My Big Fat Greek Honeymoon
Greece is a delightful blend of sun, sand, history and mythology. Add to this a wild party scene, friendly people and scrumptious food, and you have a holiday that’s pure, unadulterated fun, finds Panna Munyal
Whether you’re honeymooning in Greece, visiting with a group of like-minded friends, playing the intellectual in ancient libraries, or simply indulging your wild side, Island Country (read Greece), never disappoints.
For culture lovers, there’s the Acropolis and Parthenon in Athens and the temples of various gods unique to each of the many islands, a few hours from the capital. Architecture enthusiasts will be bowled over by the neat white-and-blue houses and winding lanes of Mykonos and Santorini, while history-lovers can ooh and aah over the fortress-like medieval island township of Rhodes.
But come nightfall, your inner social butterfly will let loose because no one can do night life the way the Greeks can—plate throwing and all! But if you, like me, plan to honeymoon in Greece, needless to say, it can be one of the best trips of your life!
SIGHTSEEING IN ATHENS
Travelling as light as possible is always recommended, but in Greece, this is a must because then you can island-hop on speed boats. For instance, my new (by which I mean recently wed) husband and I landed in Athens, which no matter who says otherwise, deserves at least four nights.
We then hopped to Mykonos, Santorini and Rhodes for three nights each. In Athens (named after the goddess Athena), we stayed at the Hilton, which is rather centrally located and the bathrooms are large enough for two at a time (What? We were saving water!). We travelled in taxis only when we visited the distant Lycabettus Hill, on a romantic date to the most charming hilltop restaurant called St George’s. Otherwise, it’s Europe, so we held hands and walked. We also mastered the tube system—don’t worry, the language (complete with squiggles and symbols) grows on you.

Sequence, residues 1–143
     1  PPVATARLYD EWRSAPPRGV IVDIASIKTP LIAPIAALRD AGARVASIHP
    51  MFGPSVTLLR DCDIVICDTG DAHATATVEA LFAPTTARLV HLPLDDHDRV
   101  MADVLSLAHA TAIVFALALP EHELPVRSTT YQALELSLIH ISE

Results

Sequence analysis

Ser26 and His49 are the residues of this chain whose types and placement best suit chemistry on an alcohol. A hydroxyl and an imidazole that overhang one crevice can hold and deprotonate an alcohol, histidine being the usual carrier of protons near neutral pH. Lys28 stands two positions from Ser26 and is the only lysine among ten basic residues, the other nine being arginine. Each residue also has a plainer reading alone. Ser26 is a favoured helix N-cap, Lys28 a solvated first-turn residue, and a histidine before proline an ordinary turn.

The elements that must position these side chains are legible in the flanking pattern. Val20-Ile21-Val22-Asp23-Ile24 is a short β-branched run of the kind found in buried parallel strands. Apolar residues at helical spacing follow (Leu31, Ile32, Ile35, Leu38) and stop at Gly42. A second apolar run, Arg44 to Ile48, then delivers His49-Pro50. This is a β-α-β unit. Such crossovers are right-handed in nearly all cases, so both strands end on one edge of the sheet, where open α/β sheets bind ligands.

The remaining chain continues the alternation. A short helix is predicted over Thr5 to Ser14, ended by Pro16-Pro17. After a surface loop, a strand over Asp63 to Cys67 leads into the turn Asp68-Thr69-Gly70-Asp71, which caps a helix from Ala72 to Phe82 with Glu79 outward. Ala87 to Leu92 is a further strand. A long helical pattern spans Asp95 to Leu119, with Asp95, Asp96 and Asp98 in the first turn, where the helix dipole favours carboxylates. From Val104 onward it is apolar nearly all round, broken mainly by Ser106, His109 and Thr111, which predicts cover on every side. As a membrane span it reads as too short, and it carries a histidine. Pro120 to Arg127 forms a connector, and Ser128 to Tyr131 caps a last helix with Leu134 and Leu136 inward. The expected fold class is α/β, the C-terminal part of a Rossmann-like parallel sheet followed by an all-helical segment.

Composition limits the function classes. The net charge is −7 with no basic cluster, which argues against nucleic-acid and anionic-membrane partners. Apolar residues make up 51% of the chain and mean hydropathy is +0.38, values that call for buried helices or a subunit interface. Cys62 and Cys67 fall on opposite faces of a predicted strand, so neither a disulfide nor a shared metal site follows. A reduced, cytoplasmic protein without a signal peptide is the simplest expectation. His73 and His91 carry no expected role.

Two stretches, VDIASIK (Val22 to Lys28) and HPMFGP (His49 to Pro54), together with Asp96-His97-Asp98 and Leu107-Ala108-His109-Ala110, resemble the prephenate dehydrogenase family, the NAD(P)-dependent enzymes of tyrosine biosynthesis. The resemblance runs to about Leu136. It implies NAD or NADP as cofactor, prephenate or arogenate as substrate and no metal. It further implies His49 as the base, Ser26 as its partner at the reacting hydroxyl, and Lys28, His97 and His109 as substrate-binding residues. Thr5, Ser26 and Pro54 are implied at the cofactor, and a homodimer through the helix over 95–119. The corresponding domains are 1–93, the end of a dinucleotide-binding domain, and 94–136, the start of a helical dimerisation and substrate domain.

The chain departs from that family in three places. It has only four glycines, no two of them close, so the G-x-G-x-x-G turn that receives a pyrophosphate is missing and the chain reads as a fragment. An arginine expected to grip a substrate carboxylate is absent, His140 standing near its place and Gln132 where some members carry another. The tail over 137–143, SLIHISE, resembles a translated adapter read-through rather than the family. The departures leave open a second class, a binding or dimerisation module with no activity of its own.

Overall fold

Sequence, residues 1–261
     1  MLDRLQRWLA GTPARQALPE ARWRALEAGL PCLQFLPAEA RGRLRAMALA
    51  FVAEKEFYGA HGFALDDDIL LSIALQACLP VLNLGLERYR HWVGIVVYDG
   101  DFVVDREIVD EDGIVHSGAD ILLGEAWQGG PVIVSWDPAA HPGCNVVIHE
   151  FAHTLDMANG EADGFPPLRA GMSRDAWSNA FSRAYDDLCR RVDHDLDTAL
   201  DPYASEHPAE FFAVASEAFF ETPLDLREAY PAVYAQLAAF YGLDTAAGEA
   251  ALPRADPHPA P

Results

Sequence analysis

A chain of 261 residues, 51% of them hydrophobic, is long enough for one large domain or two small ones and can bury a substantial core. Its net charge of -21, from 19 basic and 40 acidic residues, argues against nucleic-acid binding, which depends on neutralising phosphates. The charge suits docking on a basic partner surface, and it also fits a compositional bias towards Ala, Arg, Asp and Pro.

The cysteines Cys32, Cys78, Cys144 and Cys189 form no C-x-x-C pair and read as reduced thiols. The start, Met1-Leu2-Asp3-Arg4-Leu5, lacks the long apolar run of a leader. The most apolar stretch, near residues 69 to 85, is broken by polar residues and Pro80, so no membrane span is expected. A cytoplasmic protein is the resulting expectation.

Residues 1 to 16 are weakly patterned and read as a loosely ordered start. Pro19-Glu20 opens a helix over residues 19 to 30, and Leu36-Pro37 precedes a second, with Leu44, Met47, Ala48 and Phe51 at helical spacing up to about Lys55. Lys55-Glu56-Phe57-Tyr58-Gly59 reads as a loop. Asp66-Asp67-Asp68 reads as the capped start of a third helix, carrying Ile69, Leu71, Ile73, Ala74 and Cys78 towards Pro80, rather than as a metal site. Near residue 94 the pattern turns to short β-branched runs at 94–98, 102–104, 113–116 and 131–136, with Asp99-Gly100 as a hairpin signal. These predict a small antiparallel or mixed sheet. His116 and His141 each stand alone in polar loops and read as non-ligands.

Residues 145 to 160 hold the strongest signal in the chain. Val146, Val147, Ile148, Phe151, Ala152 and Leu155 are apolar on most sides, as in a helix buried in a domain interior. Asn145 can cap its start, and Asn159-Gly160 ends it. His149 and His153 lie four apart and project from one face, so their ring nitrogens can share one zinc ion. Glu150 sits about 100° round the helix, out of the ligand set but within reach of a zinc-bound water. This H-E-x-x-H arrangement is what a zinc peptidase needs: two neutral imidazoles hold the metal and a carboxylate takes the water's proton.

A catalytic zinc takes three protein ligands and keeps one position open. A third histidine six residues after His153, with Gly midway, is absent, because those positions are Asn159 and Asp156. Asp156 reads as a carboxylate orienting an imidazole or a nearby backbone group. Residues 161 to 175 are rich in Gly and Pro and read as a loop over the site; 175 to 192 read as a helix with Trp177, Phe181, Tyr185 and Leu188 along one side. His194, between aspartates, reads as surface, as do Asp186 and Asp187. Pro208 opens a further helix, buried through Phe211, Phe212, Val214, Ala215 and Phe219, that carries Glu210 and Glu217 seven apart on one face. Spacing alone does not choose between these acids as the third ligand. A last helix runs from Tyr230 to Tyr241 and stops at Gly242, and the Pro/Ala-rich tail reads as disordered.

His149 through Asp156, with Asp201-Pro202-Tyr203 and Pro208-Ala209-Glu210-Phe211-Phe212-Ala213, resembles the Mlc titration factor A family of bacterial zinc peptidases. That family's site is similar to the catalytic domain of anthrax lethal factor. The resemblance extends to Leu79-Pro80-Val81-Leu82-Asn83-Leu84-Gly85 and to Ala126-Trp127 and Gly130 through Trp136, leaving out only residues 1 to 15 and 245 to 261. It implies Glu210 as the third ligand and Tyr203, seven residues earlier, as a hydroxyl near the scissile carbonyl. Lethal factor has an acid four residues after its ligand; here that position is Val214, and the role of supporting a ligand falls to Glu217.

Plaka is another must-visit in Athens. Spend the day doing the New Acropolis Museum (really worth it) and climb the towering fortress (wearing sturdy shoes, of course). When you descend from the other side, you will emerge at the heart of the most charming area in Athens—the old city of Plaka. This is basically two long cobbled streets of flea market-type shopping (ditch your flats for the famous and easy-on-the-pocket Greek wedges). We happened to be in Plaka over the weekend and there was loud, traditional Greek music playing from every store and restaurant, and we saw more than one ruddy-cheeked local break out into a spontaneous dance.The nightlife in Athens is very varied. We visited Baloox, a club that plays rocking English music (and they don’t judge you if you slow dance to Akon), as well as bars with live Greek bands, foot thumping music and very enthusiastic listeners.
PARTYING IN MYKONOS
We moved on to the party island of Mykonos, which comes alive at midnight and the dancing goes on till your body aches for breakfast. A few hours of rest and the beach will lure you with its clean white sand and sapphire-blue water.
We visited in September, which I think is one of the best months because the beaches are not milling with tourists, the sun’s not too hot and the water is just cold enough to excuse you clinging to each other. Take a ferry taxi to Super Paradise, a tiny island within Mykonos where come 5 PM, three women and two men take their clothes off and begin gyrating. The party ends at 10 pm but those five hours…heaven in a glass (and well, on a pole!). Nammos is a must-visit restaurant because each night locals gather to dance atop tables to English music in Greek style—very unique. Then there’s the city centre, identifiable by its windmills, quaint shops (half open all day, the other half all night) and sea side bars like Caprice and Veranda where we partied with what seemed like people from every country in the world.
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